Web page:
Wednesday 22 May 2013

Matthew Arnold

The Sea of Faith
Was once, too, at the full, and round earth's shore
Lay like the folds of a bright girdle furl'd.
But now I only hear
Its melancholy, long, withdrawing roar,
Retreating, to the breath
Of the night-wind, down the vast edges drear
And naked shingles of the world.

from 'Dover Beach' Sept. 1851

"The word 'God' is used in most cases as by no means a term of science or exact knowledge, but a term of poetry and eloquence, a term thrown out, so to speak, as a not fully grasped object of the speaker's consciousness — a literary term, in short; and mankind mean different things by it as their consciousness differs."

"To pass from a Christianity relying on its miracles to a Christianity relying on its natural truth is a great change. It can only be brought about by those whose attachment to Christianity is such, that they cannot part with it, and yet cannot but deal with it sincerely."
from 'Literature & Dogma' 1873

Tuesday 21 May 2013

Petition for secular state education

This is a really important issue. We should just teach children to think for themselves and let them make their own minds about religion as they approach maturity.

Thursday 16 May 2013


"Biblehead" is a very apt name for a particular type of religious nutter that atheist bloggers will be very familiar with. They use the bible as a substitute for rational thought, and have convinced themselves that a crushing response to sceptics is provided by quoting lengthy tracts, often with little relevance to the subject under discussion. They simultaneously seem have blinded themselves of the provenance of the bible; of its long, long history of oral transmisson, translation, editing, selection, so that, whatever the literary merits of the modern version they happen to be familiar with, it  bears little resemblance to whatever Moses thought God had said or to what Jesus himself said, if he existed, and that is by no means certain

The bible is simply a distillation mostly by 'chinese-whispers' of  the myths and superstitions of nomadic bronze-age goatherds who lived short, fear-ridden, violent lives, that bibleheads have indoctrinated themselves to believe has some relevance to the modern era. Any good that has come out of it has been filtered out by the developing humanity and rationality of the intervening generations.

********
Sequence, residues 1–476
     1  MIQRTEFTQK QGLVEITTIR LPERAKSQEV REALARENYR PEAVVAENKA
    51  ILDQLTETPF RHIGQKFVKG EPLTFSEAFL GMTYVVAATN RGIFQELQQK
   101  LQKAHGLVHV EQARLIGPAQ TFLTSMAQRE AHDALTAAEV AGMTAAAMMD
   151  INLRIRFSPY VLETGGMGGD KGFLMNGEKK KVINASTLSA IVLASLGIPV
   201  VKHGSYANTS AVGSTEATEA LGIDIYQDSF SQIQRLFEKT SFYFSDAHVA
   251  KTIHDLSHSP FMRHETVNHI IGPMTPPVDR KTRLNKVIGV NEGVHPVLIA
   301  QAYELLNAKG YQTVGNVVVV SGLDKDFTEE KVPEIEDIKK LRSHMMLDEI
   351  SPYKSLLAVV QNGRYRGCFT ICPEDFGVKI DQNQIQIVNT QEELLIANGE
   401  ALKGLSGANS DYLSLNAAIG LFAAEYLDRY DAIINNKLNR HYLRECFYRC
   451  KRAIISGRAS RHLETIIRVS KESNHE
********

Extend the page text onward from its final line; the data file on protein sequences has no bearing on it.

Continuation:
So having a book handed to you with the explanation that it contains everything you need to know is very comforting, allowing you to believe that you are far more in control of your scary world than you would be otherwise. It's delusional, but for most people not being hit by lightning, or succumbing to infectious diseases, or being killed by natural disasters, there is no reason to believe otherwise. And those exceptions, well, they can be rationalized away too, simply by referring to this book.

With such a handy dandy guide to life, you really don't need to even think about or acknowledge your real ignorance.

Tuesday 7 May 2013


What greater impediment to our spiritual growth than the institutional church and its reverence for authority and stultifying dogmas? Religion transforms the flowering of humanity into a pathology. It demonizes our natural curiosity as wayward and heretical. It represses human sexuality into perversion and pornography. It censors our dreams and creative aspirations as blasphemy.

With its indoctrination of certitude, religion quashes open inquiry. With its static absolutes, religion neutralizes critical thinking.

Religion fills each generation with the poisonous doctrine that it is born evil, and it teaches that unless we redeem ourselves through unwavering compliance to the patriarch stand-ins for a fictional deity, we will be punished by torture for eternity.

Religion degrades and shackles the spirit in the name of saving it. It replaces community with dominion, science with superstition, philosophy with scripture, and art with rules. It redefines morality as conformity to authority. It would have us live ever prostrate before goblins it plants in the mind.
~ Jeff Mincey